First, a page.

Model Based Optimal Control, Estimation, and Validation of Lithium-Ion Batteries
- Author(s): Perez, Hector Eduardo
- Advisor(s): Moura, Scott J
- et al.
This dissertation focuses on developing and experimentally validating model based control techniques to enhance the operation of lithium ion batteries, safely. An overview of the contributions to address the challenges that arise are provided below.
Chapter 1: This chapter provides an introduction to battery fundamentals, models, and
control and estimation techniques. Additionally, it provides motivation for the contributions of this dissertation.
Chapter 2: This chapter examines reference governor (RG) methods for satisfying state
constraints in Li-ion batteries. Mathematically, these constraints are formulated from a first principles electrochemical model. Consequently, the constraints explicitly model specific degradation mechanisms, such as lithium plating, lithium depletion, and overheating. This contrasts with the present paradigm of limiting measured voltage, current, and/or temperature. The critical challenges, however, are that (i) the electrochemical states evolve according to a system of nonlinear partial differential equations, and (ii) the states are not physically measurable. Assuming available state and parameter estimates, this chapter develops RGs for electrochemical battery models. The results demonstrate how electrochemical model state information can be utilized to ensure safe operation, while simultaneously enhancing energy capacity, power, and charge speeds in Li-ion batteries.
Chapter 3: Complex multi-partial differential equation (PDE) electrochemical battery
models are characterized by parameters that are often difficult to measure or identify. This parametric uncertainty influences the state estimates of electrochemical model-based observers for applications such as state-of-charge (SOC) estimation. This chapter develops two sensitivity-based interval observers that map bounded parameter uncertainty to state estimation intervals, within the context of electrochemical PDE models and SOC estimation. Theoretically, this chapter extends the notion of interval observers to PDE models using a sensitivity-based approach. Practically, this chapter quantifies the sensitivity of battery state estimates to parameter variations, enabling robust battery management schemes. The effectiveness of the proposed sensitivity-based interval observers is verified via a numerical study for the range of uncertain parameters.
Chapter 4: This chapter seeks to derive insight on battery charging control using electrochemistry models. Directly using full order complex multi-partial differential equation (PDE) electrochemical battery models is difficult and sometimes impossible to implement. This chapter develops an approach for obtaining optimal charge control schemes, while ensuring safety through constraint satisfaction. An optimal charge control problem is mathematically formulated via a coupled reduced order electrochemical-thermal model which conserves key electrochemical and thermal state information. The Legendre-Gauss-Radau (LGR) pseudo-spectral method with adaptive multi-mesh-interval collocation is employed to solve the resulting nonlinear multi-state optimal control problem. Minimum time charge protocols are analyzed in detail subject to solid and electrolyte phase concentration constraints, as well as temperature constraints. The optimization scheme is examined using different input current bounds, and an insight on battery design for fast charging is provided. Experimental results are provided to compare the tradeoffs between an electrochemical-thermal model based optimal charge protocol and a traditional charge protocol.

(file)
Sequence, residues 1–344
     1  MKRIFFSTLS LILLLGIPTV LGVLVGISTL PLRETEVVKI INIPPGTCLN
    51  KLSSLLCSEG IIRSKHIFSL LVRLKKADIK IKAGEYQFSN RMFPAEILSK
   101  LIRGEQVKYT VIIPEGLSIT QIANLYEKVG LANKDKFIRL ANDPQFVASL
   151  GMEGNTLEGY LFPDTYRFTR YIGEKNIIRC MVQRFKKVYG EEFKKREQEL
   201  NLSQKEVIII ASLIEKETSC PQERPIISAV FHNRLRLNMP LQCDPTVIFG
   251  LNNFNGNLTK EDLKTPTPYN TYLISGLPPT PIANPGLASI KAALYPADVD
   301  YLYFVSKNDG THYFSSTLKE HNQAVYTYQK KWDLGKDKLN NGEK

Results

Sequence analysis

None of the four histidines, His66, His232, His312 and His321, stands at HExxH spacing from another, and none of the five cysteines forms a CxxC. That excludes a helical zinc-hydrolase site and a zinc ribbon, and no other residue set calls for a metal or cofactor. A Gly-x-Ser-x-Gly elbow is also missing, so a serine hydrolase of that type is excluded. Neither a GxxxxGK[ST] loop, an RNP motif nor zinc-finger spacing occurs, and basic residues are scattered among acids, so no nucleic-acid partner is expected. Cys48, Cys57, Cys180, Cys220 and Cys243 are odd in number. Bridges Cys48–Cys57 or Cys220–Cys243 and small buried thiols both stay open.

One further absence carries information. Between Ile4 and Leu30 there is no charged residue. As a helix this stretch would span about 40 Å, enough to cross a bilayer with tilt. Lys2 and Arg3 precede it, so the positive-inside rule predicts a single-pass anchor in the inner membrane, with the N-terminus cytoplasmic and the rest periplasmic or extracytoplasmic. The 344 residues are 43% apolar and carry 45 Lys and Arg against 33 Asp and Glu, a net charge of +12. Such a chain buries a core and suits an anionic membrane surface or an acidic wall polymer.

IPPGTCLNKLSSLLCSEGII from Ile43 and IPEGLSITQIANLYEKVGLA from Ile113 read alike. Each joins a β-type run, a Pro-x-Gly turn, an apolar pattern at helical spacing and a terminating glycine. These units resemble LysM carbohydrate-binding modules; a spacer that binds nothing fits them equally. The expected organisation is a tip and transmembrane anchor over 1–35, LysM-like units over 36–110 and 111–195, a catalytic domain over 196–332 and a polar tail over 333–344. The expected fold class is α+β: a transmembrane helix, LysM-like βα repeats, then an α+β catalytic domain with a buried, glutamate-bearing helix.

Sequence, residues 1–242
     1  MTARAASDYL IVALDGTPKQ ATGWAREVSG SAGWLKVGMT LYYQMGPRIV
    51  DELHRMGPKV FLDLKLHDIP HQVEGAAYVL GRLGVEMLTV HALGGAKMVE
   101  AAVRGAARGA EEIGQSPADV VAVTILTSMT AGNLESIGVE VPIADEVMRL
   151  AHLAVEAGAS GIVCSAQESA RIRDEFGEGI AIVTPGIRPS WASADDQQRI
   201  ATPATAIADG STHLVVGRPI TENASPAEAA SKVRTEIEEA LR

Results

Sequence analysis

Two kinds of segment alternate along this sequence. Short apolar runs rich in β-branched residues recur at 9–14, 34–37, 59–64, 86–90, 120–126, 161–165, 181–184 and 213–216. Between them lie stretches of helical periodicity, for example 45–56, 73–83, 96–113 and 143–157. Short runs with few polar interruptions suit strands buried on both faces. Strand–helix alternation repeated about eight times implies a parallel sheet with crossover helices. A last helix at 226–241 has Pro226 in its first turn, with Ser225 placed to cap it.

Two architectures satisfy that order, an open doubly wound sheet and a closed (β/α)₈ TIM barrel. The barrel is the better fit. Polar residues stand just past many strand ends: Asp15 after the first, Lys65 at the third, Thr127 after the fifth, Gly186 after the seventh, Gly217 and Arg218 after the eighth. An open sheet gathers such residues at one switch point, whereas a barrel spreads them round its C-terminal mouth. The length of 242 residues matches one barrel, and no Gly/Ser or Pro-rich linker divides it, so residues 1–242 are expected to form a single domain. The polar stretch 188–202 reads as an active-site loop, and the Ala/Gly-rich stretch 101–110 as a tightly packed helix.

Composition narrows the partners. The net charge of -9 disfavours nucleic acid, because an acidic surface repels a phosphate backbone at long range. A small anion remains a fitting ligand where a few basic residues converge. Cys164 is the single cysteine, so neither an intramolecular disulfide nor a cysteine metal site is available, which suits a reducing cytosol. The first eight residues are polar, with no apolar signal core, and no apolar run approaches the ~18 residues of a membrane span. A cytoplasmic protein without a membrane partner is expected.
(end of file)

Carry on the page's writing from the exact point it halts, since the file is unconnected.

Chapter 5: Fast and safe charging protocols are crucial for enhancing the practicality of
batteries, especially for mobile applications such as smartphones and electric vehicles. This chapter proposes an innovative approach to devising optimally health-conscious fast-safe charge protocols. A multi-objective optimal control problem is mathematically formulated via a coupled electro-thermal-aging battery model, where electrical and aging sub-models depend upon the core temperature captured by a two-state thermal sub-model. The Legendre-Gauss-Radau (LGR) pseudo-spectral method with adaptive multi-mesh-interval collocation is employed to solve the resulting highly nonlinear six-state optimal control problem. Charge time and health degradation are therefore optimally traded off, subject to both electrical and thermal constraints. Minimum-time, minimum-aging, and balanced charge scenarios are examined in detail. Sensitivities to the upper voltage bound, ambient temperature, and cooling convection resistance are investigated as well. Experimental results are provided to compare the tradeoffs between a balanced and traditional charge protocol.
Chapter 6: This chapter provides concluding remarks on the findings of this dissertation
and a discussion of future work.